Overcoming the challenges of CBG mass production
Given the growing understanding of the potential dynamic health and wellness benefits of CBG, one would assume that there would be a material increase in the number of growers and processors eager to bring CBG to market.
"Analytical Cannabis reports that "the biggest obstacle to CBG becoming a common therapeutic treatment is the cost of its production. CBG is believed to be one of the most expensive cannabinoids to produce, to the extent that it has been dubbed "the Rolls-Royce of cannabinoids".
Because of the miniscule amount of CBG found in hemp, it takes thousands of kilos of biomass to produce even small amounts of isolated cannabigerol - in fact, up to 20 times the amount it would take to produce the same amount of CBD. In addition, as a hemp plant matures, the CBGA and CBG present in the plant are converted into other cannabinoids, which takes place over six to eight weeks in flowering cycles. This means that to achieve optimal cannabigerol yields, farmers would have to harvest their hemp crops before this conversion occurs; or allow the crop to fully mature and then expect to extract only minimal amounts of CBG.
In addition, due to the low amount of CBG available in biomass, processors must invest in a high-performance chromatography apparatus to ensure that CBG extraction is as accurate as possible, thus avoiding the need to consume even more of the precious biomass to reach extraction volume targets.
To help make CBG more affordable and available to consumers, many product manufacturers are choosing to blend cannabigerol with CBD and other cannabinoids to produce "full-spectrum" CBD oils and tinctures for consumption. Full-spectrum CBD is increasingly available as a nutritional supplement or as a direct medical treatment as prescribed by doctors.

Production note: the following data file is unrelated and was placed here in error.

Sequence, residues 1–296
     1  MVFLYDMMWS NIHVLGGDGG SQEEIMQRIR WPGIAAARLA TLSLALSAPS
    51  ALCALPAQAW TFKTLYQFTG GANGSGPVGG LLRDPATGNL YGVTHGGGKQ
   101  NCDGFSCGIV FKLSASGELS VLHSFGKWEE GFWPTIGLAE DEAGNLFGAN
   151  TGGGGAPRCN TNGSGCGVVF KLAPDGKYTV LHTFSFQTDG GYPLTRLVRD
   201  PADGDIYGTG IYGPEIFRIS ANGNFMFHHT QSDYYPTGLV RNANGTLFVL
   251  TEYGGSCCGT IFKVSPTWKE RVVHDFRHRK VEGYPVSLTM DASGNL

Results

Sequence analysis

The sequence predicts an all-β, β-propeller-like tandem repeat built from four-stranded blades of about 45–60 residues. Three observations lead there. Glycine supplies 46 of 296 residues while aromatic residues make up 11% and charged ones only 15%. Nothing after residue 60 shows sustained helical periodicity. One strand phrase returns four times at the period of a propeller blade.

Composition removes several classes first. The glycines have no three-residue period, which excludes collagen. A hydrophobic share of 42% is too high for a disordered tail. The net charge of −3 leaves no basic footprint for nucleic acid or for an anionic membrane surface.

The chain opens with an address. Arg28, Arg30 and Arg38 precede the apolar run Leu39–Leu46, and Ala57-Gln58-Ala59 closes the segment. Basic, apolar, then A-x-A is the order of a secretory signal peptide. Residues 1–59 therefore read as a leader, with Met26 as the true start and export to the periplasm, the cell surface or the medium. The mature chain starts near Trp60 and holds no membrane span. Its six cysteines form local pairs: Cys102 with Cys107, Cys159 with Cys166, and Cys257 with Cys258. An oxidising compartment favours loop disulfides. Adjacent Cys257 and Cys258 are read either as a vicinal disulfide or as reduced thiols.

That said, it is important to note that there are several enterprising companies currently working on developing strains of cannabis plants that will stop their development into CGB, before it is converted into THC, CBD and other cannabinoids. If this is successful, plants could produce up to 100% of cannabigerol, which would change the entire future landscape of CBG as a viable and affordable ingredient for use in consumer products and in much broader medical research to confirm cannabigerol's numerous health and wellness benefits and its therapeutic value in addressing chronic diseases and ailments.
CBG Buyer beware!
As with the purchase of any hemp-derived cannabis product, it is vital that consumers first conduct their due diligence when searching for and purchasing cannabigerol (CBG) products.
Most of the so-called CBG products currently on the market are of low quality. And many manufacturers, unfortunately, rely on processors who use harsh and even harmful extraction methods to produce CBG distillates and isolates.
It should be noted that not all hemp flowers are the same. Since hemp (Cannabis sativa) is a bioaccumulator, it is important to know how it has been grown. This plant must be kept away from toxins throughout its growth cycle, so organic cultivation is the best way to grow it. The first step in organic hemp cultivation is to ensure great genetics, so care must be taken when selecting hemp chemotypes (chemotype is the term used to classify the different varieties of hemp according to their chemical components). Next, CBG-rich hemp should be grown in an environment away from heavy metals and other environmental toxins. Next, there is mould to consider. Mould and fungi are complex organisms that can contaminate hemp flowers, even when removed from the host, rendering the flower unsafe.
Hemp biomass for extraction should be high in CBG and low in CBD and THC, unless the aim is to produce a specific blend. It should also be free of contaminants, adulterants and microbial growth. When done well, hemp flower extraction produces a very high quality and potent CBG extract, marketed as CBG oil, which can be further concentrated by removing impurities such as waxes, pigments and unnecessary chemical components.